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This example shows how to use the Goertzel function to implement a DFT-based DTMF detection algorithm.

Dual-tone Multi-Frequency (DTMF) signaling is the basis for voice communications control and is widely used worldwide in modern telephony to dial numbers and configure switchboards. It is also used in systems such as in voice mail, electronic mail and telephone banking.

A DTMF signal consists of the sum of two sinusoids – or tones – with frequencies taken from two mutually exclusive groups. These frequencies were chosen to prevent any harmonics from being incorrectly detected by the receiver as some other DTMF frequency. Each pair of tones contains one frequency of the low group (697 Hz, 770 Hz, 852 Hz, 941 Hz) and one frequency of the high group (1209 Hz, 1336 Hz, 1477 Hz) and represents a unique symbol. The frequencies allocated to the push-buttons of the telephone pad are shown below:

Generate and plot a DTMF signal for each button on the telephone pad. Each signal has a sample rate of 8 kHz and a duration of 100 ms.

symbol = {'1','2','3','4','5','6','7','8','9','*','0','#'}; [tones, Fs, f, lfg, hfg] = helperDTMFToneGenerator(symbol, false); helperDFTEstimationPlot1(tones, symbol, Fs, f);

For example, play the tones corresponding to phone number 508-647-7000. The `"0"`

symbol corresponds to the 11th tone.

% To hear, uncomment these lines: % for i = [5 11 8 6 4 7 7 11 11 11] % p = audioplayer(tones(:,i),Fs,16); % play(p) % pause(0.5) % end

The minimum duration of a DTMF signal defined by the ITU standard is 40 ms. Therefore, there are at most 0.04 x 8000 = 320 samples available for estimation and detection. The DTMF decoder needs to estimate the frequencies contained in these short signals.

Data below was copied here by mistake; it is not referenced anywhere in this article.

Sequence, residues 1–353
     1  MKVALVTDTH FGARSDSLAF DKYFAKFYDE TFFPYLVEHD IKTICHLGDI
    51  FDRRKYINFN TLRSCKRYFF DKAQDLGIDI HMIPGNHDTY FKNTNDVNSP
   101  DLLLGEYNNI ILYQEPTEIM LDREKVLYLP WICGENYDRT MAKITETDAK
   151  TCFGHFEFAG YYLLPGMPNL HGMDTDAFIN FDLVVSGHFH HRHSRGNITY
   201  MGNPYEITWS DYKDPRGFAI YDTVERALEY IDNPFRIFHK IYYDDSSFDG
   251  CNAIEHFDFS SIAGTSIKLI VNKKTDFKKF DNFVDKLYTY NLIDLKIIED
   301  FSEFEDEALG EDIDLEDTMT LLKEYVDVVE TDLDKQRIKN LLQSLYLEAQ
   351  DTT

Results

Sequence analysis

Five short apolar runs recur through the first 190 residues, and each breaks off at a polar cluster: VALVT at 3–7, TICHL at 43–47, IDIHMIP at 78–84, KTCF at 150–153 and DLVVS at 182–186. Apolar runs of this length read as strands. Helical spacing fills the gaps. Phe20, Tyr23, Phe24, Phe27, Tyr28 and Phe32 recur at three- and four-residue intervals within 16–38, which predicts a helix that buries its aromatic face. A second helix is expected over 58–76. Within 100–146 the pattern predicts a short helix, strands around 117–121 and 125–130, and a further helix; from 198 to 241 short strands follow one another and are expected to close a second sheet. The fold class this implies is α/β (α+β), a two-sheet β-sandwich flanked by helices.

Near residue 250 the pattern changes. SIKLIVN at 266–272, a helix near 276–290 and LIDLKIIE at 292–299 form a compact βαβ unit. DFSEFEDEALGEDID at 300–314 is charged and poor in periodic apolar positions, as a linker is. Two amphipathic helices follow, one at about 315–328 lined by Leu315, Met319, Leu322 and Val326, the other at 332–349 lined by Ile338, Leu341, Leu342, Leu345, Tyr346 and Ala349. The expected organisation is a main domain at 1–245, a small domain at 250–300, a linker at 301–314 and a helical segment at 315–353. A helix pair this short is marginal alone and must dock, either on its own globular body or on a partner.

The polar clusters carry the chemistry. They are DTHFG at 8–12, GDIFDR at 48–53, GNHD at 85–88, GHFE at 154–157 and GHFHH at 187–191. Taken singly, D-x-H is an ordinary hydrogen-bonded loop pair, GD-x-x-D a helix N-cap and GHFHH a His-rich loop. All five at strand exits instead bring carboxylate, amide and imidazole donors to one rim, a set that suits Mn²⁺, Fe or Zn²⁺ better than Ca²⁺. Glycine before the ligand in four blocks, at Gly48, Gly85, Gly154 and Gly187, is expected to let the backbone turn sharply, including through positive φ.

One common approach to this estimation problem is to compute the Discrete-Time Fourier Transform (DFT) samples close to the seven fundamental tones. For a DFT-based solution, it has been shown that using 205 samples in the frequency domain minimizes the error between the original frequencies and the points at which the DFT is estimated.

```
Nt = 205;
original_f = [lfg(:);hfg(:)] % Original frequencies
```

`original_f = `*7×1*
697
770
852
941
1209
1336
1477

k = round(original_f/Fs*Nt); % Indices of the DFT estim_f = round(k*Fs/Nt) % Frequencies at which the DFT is estimated

`estim_f = `*7×1*
702
780
859
937
1210
1327
1483

To minimize the error between the original frequencies and the points at which the DFT is estimated, we truncate the tones, keeping only 205 samples or 25.6 ms for further processing.

tones = tones(1:205,:);

At this point we could use the Fast Fourier Transform (FFT) algorithm to calculate the DFT. However, the popularity of the Goertzel algorithm in this context lies in the small number of points at which the DFT is estimated. In this case, the Goertzel algorithm is more efficient than the FFT algorithm.

for toneChoice = 1:12 % Select tone tone = tones(:,toneChoice); % Estimate DFT using Goertzel ydft(:,toneChoice) = goertzel(tone,k+1); % Goertzel uses 1-based indexing end

Plot Goertzel's DFT magnitude estimate of each tone on a grid corresponding to the telephone pad.

helperDFTEstimationPlot2(ydft,symbol,f, estim_f);

The digital tone detection can be achieved by measuring the energy present at the seven frequencies estimated above. Each symbol can be separated by simply taking the component of maximum energy in the lower and upper frequency groups.

The following helper functions are used in this example.